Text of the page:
How Not To Get Angry On The Job.

"I've had a few arguments with people, but I never carry a grudge. You know why? While you're carrying a grudge, they're out dancing." - Buddy Hackett We all get angry. It's normal.

The real question is WHY we get angry. As I tell my clients, to be happy, we need to have a certain amount of control in our lives. Not totally, but we have to have a handle on many situations to ensure that we don't go quietly insane.

Unfortunately, things do go a little out of kilter. And our natural response is to get frustrated. That's normal — something is knocking us out of our normal routine or belief structure and our body/mind reacts with frustration.

A typical example are KIDS. If you come home and the family room is a mess, you are immediately out of control (a clean room) and you react with frustration. A lot of parents (me included) might move right into anger and yell at the kids to clean up the room.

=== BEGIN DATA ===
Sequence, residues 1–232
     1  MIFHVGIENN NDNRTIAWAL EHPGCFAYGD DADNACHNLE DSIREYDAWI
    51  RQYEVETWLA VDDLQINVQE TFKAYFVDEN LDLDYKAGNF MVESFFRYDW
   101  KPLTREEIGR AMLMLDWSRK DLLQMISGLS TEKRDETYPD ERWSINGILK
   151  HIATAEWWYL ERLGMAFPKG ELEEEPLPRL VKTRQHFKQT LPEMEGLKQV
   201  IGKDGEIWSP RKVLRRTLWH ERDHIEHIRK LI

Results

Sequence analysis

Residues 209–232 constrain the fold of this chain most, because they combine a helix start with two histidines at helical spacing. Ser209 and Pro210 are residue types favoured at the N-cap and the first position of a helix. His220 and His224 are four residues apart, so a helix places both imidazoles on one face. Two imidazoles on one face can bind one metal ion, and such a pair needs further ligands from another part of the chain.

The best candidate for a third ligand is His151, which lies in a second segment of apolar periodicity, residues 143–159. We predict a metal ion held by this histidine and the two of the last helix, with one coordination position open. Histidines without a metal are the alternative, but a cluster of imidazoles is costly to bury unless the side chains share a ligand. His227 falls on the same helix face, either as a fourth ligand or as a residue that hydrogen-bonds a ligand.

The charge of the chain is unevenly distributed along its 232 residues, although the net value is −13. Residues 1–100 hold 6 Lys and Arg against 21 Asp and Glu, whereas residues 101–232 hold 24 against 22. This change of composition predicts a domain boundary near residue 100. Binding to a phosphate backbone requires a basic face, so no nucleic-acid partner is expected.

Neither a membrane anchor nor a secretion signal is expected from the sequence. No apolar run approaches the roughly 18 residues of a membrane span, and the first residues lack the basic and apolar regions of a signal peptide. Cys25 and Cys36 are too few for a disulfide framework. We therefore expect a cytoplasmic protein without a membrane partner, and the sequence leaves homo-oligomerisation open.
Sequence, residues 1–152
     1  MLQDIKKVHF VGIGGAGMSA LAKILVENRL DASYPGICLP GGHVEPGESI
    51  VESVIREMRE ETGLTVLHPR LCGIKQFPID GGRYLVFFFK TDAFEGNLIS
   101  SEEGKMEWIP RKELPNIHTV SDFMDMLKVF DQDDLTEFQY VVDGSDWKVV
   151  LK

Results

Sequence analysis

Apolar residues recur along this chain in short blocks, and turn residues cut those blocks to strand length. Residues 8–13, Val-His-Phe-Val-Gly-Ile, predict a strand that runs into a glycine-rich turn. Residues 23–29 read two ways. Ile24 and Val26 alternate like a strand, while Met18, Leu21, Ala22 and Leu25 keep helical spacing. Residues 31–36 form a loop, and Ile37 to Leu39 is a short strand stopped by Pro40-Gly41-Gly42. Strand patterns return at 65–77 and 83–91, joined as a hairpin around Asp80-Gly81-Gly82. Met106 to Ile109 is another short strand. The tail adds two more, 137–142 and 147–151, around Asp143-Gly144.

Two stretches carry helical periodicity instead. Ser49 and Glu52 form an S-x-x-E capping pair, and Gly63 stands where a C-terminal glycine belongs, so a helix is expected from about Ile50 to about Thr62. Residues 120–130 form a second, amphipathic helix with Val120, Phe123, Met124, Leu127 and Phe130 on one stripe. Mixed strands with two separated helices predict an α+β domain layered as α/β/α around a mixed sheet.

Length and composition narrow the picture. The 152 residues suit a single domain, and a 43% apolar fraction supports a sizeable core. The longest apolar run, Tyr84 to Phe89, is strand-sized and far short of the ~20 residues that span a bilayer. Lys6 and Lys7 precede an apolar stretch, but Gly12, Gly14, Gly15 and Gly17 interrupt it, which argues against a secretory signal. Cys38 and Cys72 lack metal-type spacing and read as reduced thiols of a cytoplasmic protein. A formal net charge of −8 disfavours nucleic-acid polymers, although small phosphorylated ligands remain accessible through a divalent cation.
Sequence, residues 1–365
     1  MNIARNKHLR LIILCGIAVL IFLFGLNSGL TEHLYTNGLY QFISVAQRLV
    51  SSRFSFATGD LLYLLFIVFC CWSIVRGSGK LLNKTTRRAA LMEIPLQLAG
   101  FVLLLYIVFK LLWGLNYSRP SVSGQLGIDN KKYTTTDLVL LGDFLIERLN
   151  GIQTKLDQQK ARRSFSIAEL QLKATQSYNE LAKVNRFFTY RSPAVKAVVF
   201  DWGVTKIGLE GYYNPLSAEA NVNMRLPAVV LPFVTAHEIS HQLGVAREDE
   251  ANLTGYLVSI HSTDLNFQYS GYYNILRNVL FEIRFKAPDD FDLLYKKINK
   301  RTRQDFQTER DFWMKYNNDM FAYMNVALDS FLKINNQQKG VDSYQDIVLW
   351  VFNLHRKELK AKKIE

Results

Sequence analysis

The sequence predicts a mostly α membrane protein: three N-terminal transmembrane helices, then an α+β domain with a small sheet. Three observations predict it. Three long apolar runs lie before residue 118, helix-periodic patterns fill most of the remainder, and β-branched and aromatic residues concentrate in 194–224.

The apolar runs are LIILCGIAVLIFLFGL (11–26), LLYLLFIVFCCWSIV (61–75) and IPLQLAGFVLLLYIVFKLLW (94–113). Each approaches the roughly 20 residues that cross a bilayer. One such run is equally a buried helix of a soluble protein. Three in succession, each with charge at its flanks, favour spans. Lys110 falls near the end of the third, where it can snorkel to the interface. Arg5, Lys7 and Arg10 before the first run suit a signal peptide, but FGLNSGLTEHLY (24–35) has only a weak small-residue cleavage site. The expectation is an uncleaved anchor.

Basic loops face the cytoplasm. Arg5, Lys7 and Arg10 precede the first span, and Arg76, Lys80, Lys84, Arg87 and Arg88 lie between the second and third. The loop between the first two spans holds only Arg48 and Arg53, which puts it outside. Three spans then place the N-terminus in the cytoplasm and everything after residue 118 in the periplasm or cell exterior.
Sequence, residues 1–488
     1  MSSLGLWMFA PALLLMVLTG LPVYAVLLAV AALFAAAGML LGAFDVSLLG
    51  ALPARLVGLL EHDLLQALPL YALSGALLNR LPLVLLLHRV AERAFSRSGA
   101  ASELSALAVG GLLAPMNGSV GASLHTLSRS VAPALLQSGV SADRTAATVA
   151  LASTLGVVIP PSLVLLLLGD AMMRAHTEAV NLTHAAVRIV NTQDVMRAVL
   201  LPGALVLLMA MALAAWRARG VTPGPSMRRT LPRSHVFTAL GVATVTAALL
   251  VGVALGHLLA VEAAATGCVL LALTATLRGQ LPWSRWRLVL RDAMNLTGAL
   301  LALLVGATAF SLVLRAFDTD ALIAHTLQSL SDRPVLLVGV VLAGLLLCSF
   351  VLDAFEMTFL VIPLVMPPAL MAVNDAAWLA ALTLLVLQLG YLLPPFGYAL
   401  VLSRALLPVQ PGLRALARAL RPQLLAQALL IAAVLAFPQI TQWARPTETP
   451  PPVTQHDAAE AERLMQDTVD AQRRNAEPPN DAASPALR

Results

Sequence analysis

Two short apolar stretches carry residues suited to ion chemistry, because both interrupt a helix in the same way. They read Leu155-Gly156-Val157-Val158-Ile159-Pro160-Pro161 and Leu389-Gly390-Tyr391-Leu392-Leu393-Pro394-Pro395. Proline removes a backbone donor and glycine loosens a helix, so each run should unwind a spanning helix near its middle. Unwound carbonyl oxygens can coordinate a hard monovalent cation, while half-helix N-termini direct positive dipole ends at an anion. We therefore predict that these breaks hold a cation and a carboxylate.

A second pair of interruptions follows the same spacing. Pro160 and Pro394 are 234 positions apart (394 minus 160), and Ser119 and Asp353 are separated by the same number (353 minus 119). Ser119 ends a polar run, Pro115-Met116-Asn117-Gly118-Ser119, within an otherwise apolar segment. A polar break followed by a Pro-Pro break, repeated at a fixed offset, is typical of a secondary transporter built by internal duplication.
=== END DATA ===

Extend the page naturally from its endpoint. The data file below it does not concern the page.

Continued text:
The same thing happens at work. A client, a vendor, a team member or your boss capriciously changes the project, agreement, or decision and promptly you are out of control, accelerating into frustration-land and anger is right around the corner.

How do you solve this? When you feel control ebbing away and you start to feel frustration, stop for a second and embrace the feeling. Don't zip right into anger — try to leverage the part of your brain that solves problems.

What you've really been thrown is a problem. Work is made up of problems. Your job is to solve these problems. This is just one more problem you need to solve. Take the emotion, your ego, out of the equation. Recognize it for what it really is, a problem that needs a solution.

Because the minute you get angry, you really lose control and it takes you farther away from getting back in control. Take your kids — you can yell at them — your blood pressure rises, they are scared/resentful, there is acrimony in the air, etc.

If you pull back and start directing them to clean up assertively (no anger), you'll find dutiful helpers who actually clean the room - no acrimony, no high-blood pressure.

Focus on getting back into control at work — solve the problem. Here's an added benefit — people notice when you don't get angry or fly off the handle. They pay attention when you are composed in chaos and deliver alternative solutions to solve the problem.

That's the difference between good and great leaders.

What techniques do you use to get back into control?